4. An encoder reading device according to claim 3, wherein output voltages of the two light receiving means are adjusted by adjusting peak power of the two light sources individually while accumulation times of the two light receiving means is kept constant.
Description
BACKGROUND OF THE INVENTION

The present invention relates to a rotary encoder for detecting an angle, and more particularly to an absolute encoder which can read a pattern even when rotating at high speed.

At present, an absolute type and an incremental type are employed for optical encoders that are used for a surveying instrument.

An encoder employing the incremental type converts the number of count from a zero position into an angle. The conversion into an angle requires detection of a zero position.

The absolute type encoder is of a type in which an angle value is in a one-to-one correspondence with a position on the circumference of a circle. The absolute type encoder is characterized in that since a position on the circumference is registered as an absolute address, position information can be obtained at all positions.

Thus, if the absolute encoder is used, position information can be obtained at all positions because counting is not required. However, there was the following problem because it takes time to detect and process a signal of an absolute pattern, it is disadvantageous to dynamic reading.

When an operator himself/herself conventionally operates a surveying instrument to perform surveying work, reading is basically performed after directing the surveying instrument toward a collimation direction. Therefore, even when it is rotated as fast as possible, if it is stopped finally and reading is performed in a stationary state, no problem will arise. However, there is a problem in the case of an automatic surveying instrument that automatically turns toward a target for collimation or continuously tracks a target; recently, the automatic surveying instrument is frequently used.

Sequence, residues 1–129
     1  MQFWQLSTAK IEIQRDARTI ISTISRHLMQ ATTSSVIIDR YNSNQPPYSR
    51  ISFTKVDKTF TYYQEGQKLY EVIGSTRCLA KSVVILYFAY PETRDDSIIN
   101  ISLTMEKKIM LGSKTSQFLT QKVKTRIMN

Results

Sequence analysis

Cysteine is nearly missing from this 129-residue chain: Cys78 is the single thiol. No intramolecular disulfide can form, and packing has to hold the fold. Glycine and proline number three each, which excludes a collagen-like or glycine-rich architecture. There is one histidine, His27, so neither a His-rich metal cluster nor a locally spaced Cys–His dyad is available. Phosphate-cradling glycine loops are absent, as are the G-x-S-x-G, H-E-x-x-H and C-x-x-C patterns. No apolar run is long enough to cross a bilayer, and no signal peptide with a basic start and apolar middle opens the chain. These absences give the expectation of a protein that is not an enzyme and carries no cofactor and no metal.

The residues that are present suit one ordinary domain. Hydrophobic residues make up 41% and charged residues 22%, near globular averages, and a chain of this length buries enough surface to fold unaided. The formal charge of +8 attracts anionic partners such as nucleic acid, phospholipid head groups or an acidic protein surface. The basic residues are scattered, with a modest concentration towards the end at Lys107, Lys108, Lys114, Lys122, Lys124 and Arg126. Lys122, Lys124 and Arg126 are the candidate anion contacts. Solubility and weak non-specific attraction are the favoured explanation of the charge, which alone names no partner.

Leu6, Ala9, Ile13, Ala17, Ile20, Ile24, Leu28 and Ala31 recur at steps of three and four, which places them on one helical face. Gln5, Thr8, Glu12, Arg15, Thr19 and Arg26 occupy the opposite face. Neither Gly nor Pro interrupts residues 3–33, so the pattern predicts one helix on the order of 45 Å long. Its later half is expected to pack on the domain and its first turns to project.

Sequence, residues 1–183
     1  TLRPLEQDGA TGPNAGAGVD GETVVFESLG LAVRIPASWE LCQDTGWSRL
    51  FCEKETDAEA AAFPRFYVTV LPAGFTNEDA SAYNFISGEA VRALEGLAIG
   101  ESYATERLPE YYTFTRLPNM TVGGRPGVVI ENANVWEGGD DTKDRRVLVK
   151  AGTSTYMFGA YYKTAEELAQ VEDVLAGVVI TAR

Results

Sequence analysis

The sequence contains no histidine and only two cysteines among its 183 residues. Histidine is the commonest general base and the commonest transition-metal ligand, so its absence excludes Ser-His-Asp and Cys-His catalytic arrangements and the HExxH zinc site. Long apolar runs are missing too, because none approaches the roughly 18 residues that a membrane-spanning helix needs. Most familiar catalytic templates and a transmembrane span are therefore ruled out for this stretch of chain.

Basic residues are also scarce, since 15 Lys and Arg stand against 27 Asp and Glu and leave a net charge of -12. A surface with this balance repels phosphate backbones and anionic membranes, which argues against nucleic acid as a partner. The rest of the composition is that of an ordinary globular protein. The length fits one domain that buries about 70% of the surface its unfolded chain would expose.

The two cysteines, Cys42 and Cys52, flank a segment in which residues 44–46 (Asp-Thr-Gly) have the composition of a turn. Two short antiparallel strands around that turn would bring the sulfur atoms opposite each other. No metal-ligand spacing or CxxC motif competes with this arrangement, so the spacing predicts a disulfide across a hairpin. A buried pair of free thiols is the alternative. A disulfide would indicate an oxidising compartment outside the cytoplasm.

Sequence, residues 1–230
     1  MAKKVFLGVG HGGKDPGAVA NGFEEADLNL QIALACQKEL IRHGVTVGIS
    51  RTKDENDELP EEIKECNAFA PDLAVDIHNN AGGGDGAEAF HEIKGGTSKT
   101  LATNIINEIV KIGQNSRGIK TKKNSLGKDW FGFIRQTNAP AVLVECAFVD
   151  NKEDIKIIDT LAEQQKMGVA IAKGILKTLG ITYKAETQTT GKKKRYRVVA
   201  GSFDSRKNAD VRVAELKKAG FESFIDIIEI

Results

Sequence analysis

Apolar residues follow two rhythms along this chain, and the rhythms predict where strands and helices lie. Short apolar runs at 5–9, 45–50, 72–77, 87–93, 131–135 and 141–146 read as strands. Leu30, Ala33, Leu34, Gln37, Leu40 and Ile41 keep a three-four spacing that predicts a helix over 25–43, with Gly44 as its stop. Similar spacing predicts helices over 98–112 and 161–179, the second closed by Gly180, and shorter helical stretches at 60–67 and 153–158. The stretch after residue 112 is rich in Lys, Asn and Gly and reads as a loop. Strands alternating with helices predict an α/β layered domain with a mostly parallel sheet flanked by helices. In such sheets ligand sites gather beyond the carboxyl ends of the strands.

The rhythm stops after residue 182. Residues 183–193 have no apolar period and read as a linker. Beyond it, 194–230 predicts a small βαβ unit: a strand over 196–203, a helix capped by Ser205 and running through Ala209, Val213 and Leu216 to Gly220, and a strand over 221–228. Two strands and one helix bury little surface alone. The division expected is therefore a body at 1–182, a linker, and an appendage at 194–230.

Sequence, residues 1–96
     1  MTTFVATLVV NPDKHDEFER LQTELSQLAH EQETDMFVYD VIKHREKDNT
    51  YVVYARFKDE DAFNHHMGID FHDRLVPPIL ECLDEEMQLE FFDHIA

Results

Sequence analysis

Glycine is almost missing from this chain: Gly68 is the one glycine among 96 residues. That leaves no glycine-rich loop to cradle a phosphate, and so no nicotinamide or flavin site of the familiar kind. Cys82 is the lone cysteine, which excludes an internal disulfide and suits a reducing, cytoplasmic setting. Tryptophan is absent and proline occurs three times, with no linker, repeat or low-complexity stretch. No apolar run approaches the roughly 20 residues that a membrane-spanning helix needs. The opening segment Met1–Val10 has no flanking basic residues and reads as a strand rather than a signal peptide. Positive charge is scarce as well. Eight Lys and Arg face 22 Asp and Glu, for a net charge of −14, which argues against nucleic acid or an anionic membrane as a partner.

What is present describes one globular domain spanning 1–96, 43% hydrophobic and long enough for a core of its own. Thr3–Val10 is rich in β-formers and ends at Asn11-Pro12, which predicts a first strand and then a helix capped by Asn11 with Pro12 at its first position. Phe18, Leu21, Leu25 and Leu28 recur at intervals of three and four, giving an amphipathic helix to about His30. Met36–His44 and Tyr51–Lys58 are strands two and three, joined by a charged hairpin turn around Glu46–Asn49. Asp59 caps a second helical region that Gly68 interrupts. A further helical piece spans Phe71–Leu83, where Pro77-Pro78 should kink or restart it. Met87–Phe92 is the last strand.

To be more specific, the automatic surveying instrument to which a tracking function is added continues tracking to measure a position of the target. Under the circumstances, the incremental encoder is suitable for constrained operation to some extent. However, once count is missed, it is impossible to measure an angle unless a zero position is detected again. Therefore, the incremental encoder is not suitable for such use, which is the problem.

In the absolute type encoder disadvantageous to reading during operation, when the encoder rotates at high speed while detecting an absolute pattern, the contrast of a signal waveform becomes worse, resulting in a decrease in accuracy and impossibility of reading. Therefore, it is necessary to decrease a rotational speed of the encoder to a certain level. Accordingly, there is a problem that the absolute encoder cannot read a measuring target that is continuously moving at high speed.

In addition, even if a measuring target is moving at low speed that allows measurement, a gap between a read measured value of the absolute encoder and a real position is caused by time difference in detection processing, which is another problem.